WASHINGTON – U.S. Senate Democratic Whip Dick Durbin (D-IL) today called out his Senate Republican colleagues for the breakdown in the judicial nominations process under the their majority. This week, the Senate is considering three more highly controversial judicial nominees, including Chad Readler, who filed the Trump Administration’s brief in the Texas. v. U.S. case where he opposed the Affordable Care Act’s (ACA) pre-existing coverage requirement. Mr. Readler’s brief argued that this requirement, which benefits tens of millions of Americans with pre-existing conditions, had to be stricken from the books.
“What message is the Trump Administration sending with this nomination? They’re doubling down on their attack on coverage of people with pre-existing conditions,” Durbin said.
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Durbin continued, “It pains me to watch my Republican colleagues systematically dismantling guardrail after guardrail in the judicial nomination process—all for the sake of stuffing the court with their ideologues. The nominations process in the Senate is breaking down before our eyes. Our ability to fulfill our responsibility of advice and consent is at risk of being diminished. And that is a shameful chapter in the Senate.”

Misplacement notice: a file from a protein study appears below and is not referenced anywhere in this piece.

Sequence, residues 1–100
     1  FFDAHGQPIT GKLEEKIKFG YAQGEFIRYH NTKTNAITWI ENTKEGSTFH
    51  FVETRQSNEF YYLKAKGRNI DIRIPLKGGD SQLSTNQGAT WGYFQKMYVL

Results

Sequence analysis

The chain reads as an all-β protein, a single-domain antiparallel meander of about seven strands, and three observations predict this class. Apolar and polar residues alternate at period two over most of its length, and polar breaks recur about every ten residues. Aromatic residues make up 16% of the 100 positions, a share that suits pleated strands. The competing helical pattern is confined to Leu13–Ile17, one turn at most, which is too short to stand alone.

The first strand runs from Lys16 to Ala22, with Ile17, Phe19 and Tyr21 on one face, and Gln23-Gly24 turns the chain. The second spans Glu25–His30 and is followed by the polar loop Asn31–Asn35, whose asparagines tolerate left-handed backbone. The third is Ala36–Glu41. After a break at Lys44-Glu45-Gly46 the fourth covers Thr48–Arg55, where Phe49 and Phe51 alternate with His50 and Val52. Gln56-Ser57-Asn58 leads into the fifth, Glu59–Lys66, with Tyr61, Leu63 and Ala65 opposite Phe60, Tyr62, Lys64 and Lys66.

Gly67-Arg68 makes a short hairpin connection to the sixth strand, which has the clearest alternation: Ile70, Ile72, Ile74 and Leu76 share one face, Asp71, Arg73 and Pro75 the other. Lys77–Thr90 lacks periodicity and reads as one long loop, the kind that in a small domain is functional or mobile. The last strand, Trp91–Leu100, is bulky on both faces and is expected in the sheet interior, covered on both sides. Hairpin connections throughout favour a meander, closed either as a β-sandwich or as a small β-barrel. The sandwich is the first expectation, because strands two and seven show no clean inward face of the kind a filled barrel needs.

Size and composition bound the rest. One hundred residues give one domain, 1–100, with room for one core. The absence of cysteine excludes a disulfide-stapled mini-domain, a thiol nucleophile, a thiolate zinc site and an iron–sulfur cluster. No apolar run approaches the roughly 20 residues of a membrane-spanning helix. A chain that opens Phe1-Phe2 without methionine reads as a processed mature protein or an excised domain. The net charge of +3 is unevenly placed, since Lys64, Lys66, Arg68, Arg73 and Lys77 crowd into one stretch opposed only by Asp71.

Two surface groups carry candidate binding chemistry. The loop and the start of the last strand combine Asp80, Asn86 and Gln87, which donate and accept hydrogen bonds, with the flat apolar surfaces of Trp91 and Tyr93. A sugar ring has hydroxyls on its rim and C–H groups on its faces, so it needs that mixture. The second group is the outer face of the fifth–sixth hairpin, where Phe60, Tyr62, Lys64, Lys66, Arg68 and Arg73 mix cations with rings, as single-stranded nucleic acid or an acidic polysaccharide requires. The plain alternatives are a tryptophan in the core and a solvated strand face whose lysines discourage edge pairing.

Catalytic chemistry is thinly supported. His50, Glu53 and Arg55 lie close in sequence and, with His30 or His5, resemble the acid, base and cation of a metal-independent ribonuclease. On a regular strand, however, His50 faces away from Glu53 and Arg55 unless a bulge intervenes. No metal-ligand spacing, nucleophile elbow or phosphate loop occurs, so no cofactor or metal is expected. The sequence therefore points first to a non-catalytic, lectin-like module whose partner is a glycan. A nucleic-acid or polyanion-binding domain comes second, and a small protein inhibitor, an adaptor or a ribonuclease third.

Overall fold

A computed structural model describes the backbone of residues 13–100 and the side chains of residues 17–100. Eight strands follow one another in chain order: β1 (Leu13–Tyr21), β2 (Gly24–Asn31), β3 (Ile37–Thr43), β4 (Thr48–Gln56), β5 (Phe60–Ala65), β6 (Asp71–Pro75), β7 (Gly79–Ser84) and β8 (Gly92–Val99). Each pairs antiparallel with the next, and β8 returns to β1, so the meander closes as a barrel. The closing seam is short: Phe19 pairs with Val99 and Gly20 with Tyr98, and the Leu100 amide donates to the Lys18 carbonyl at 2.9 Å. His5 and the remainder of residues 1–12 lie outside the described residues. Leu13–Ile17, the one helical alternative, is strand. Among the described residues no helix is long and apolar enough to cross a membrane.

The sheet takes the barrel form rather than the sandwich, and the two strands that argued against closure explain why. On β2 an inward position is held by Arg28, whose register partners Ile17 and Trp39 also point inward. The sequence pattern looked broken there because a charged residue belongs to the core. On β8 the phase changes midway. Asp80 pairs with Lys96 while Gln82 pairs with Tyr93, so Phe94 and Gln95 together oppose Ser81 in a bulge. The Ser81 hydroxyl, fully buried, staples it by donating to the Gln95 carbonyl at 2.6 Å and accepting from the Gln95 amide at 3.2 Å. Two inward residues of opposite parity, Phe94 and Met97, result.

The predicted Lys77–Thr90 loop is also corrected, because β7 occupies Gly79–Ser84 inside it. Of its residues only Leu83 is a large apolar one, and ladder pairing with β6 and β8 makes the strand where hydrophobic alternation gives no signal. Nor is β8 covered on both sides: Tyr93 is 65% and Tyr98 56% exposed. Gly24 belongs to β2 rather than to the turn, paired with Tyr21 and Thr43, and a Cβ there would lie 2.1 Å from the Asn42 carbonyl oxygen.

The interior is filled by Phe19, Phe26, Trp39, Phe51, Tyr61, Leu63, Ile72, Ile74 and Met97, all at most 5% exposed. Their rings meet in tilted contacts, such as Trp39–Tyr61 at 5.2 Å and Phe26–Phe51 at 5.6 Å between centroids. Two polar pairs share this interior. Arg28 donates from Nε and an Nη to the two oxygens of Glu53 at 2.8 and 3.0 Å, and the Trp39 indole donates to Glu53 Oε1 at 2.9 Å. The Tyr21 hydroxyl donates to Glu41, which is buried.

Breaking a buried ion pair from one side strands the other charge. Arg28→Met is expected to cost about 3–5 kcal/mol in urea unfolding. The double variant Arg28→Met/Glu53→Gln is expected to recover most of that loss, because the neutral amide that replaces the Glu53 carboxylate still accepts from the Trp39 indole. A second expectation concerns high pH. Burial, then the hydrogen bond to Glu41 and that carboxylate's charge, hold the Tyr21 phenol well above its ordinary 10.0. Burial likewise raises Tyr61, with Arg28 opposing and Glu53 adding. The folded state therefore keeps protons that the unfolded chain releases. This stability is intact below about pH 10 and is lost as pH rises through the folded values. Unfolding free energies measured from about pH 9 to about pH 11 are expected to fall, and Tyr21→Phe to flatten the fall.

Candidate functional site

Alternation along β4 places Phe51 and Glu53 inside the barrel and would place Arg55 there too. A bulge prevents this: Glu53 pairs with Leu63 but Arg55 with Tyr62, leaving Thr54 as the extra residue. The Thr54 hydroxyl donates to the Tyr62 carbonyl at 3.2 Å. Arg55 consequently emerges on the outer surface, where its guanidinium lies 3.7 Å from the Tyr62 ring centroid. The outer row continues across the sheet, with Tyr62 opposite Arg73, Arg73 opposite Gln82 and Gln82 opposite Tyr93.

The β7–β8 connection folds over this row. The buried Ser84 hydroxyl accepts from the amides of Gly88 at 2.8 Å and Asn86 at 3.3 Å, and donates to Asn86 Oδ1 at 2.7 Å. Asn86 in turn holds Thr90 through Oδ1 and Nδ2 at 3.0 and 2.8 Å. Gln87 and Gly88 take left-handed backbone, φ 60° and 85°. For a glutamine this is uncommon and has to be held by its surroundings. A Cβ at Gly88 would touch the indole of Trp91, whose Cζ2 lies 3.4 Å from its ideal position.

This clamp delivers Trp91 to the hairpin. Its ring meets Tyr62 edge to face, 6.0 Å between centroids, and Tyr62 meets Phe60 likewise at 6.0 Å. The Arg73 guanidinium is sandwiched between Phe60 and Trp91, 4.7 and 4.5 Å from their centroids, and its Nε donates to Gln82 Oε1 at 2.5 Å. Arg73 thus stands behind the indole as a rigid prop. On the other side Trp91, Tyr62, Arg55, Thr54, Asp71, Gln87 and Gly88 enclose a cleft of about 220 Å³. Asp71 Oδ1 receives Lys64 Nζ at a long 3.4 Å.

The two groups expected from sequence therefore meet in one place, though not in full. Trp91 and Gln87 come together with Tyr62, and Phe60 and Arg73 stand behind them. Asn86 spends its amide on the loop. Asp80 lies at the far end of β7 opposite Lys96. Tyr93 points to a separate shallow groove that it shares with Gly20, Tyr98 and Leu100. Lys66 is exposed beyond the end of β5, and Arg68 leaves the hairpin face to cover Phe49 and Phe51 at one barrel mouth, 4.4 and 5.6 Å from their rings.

Durbin also spoke out against Allison Jones Rushing, President Trump’s nominee to fill a North Carolina seat on the 4th Circuit Court of Appeals. She is only 36 years old, has only practiced law for nine years, and has only tried four cases to verdict or judgment, none of them as lead counsel. She is not even a member of the North Carolina bar, the state in which she would sit if confirmed.
Finally, Durbin spoke out against Eric Murphy, a 39-year old nominee to another Ohio-based seat on the 6th Circuit. Mr. Murphy is particularly well-known for his advocacy against LGBTQ rights, including in the landmark Obergefell case in which he argued against the right of same-sex couples to marry. He also has a lengthy record of defending restrictive voting laws. He has fought for laws that made it more difficult for Ohioans to exercise their fundamental right to vote, including voter purge laws and laws limiting the ability of poll workers to assist voters.